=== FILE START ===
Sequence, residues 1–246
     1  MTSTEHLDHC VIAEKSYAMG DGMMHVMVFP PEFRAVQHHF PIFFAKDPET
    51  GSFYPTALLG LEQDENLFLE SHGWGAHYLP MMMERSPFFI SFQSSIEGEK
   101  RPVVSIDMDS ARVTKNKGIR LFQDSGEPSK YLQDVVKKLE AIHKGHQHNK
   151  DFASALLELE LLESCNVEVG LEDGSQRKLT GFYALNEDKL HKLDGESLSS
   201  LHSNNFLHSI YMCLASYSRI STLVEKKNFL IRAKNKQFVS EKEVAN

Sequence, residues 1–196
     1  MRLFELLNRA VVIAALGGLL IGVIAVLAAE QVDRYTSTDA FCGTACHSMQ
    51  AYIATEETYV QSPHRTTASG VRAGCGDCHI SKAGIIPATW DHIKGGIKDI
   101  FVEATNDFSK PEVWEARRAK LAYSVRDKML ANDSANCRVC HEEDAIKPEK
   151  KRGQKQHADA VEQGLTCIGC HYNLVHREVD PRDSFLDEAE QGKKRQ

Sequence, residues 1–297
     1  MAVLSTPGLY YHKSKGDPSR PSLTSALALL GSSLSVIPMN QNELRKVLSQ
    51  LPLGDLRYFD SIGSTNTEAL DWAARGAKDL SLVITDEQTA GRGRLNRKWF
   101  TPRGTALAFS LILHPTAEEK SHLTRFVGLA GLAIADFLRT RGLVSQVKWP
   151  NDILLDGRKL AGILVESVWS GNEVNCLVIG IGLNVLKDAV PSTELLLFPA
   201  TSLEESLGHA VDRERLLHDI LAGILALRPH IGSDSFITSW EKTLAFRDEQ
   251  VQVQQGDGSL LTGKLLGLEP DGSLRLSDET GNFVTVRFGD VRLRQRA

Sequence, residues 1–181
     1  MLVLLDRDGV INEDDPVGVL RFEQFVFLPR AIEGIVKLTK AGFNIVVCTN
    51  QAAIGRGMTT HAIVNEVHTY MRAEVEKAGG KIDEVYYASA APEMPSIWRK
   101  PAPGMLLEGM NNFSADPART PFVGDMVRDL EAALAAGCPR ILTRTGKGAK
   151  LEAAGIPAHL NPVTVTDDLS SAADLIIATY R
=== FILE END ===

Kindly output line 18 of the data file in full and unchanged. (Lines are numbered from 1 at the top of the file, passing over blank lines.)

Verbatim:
   251  VQVQQGDGSL LTGKLLGLEP DGSLRLSDET GNFVTVRFGD VRLRQRA